Net Returns Calculations
To calculate the annualised net return shown on your dashboard, we consider the return generated from the capital employed for each period. A period is defined as the number of days that pass in which the capital employed remains constant. The calculation of capital employed is taken from the sum of deposits less withdrawals. (i.e. funds added minus funds withdrawn) on a cumulative basis.
How does it work?
We aggregate NetGains as follows:
We then annualise the rate of return for each period in the series:
The more frequently you add or withdraw credit from the platform, the more periods you will have in your series. This addition to the formula improves the accuracy of how we track the capital employed. We also take a weighted average of the annualised rate of returns against the number of days so that longer periods of consistency weigh heavier in the formula than single days of unusually high losses or gains.
This method considers the following:
- It is based on historic data
- Defaults are discounted according to their probable loss
- Idle (unemployed) capital on the platform contributes to a lower yield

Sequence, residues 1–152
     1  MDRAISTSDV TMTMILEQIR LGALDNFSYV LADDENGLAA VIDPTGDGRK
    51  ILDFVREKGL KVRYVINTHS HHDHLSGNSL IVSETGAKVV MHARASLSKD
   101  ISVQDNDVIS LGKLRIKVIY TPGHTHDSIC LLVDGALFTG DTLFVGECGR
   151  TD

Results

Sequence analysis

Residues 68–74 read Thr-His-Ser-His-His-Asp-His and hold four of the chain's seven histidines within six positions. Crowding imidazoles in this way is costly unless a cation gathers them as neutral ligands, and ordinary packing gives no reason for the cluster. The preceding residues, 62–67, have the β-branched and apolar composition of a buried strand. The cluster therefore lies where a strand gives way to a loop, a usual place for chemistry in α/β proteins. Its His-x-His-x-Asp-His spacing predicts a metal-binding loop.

- The benefit of compounded returns is included
Our method accounts for all your money invested by accounting for employed capital and not just live investments.
Every investor portfolio is different, average default rates may reach 9.9% pa across the loan book. This is mainly based on historic performance of defaults as shown on our stats page, however our historic performance may not be indicative of future performance.
We estimate a recovery rate of around 40% (depending on security offered) and so the forecast bad debt level is estimated to be between 4% and 8% though may be higher or lower, depending on investment habits.
Defaulting loans are proportionally marked-down in the Net Return calculation, until either recovered or crystalised as a bad debt.
Compounding your returns by reinvesting your interest earnings is one of the best ways to maximise your returns. Please also be aware that historic gross returns may not be available in the future as they are symptomatic of demand and supply.